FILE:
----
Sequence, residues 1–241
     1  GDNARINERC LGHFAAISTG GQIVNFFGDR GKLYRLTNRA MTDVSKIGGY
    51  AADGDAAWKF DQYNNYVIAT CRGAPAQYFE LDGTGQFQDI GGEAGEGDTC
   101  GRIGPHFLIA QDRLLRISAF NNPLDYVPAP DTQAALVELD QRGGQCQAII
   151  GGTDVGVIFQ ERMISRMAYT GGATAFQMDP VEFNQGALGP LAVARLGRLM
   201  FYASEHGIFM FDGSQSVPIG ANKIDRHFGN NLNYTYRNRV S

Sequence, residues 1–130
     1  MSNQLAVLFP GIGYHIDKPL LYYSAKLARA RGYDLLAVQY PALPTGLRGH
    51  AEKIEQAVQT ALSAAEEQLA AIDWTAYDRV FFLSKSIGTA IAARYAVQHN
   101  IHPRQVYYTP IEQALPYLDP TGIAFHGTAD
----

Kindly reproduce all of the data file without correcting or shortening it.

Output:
Sequence, residues 1–241
     1  GDNARINERC LGHFAAISTG GQIVNFFGDR GKLYRLTNRA MTDVSKIGGY
    51  AADGDAAWKF DQYNNYVIAT CRGAPAQYFE LDGTGQFQDI GGEAGEGDTC
   101  GRIGPHFLIA QDRLLRISAF NNPLDYVPAP DTQAALVELD QRGGQCQAII
   151  GGTDVGVIFQ ERMISRMAYT GGATAFQMDP VEFNQGALGP LAVARLGRLM
   201  FYASEHGIFM FDGSQSVPIG ANKIDRHFGN NLNYTYRNRV S

Sequence, residues 1–130
     1  MSNQLAVLFP GIGYHIDKPL LYYSAKLARA RGYDLLAVQY PALPTGLRGH
    51  AEKIEQAVQT ALSAAEEQLA AIDWTAYDRV FFLSKSIGTA IAARYAVQHN
   101  IHPRQVYYTP IEQALPYLDP TGIAFHGTAD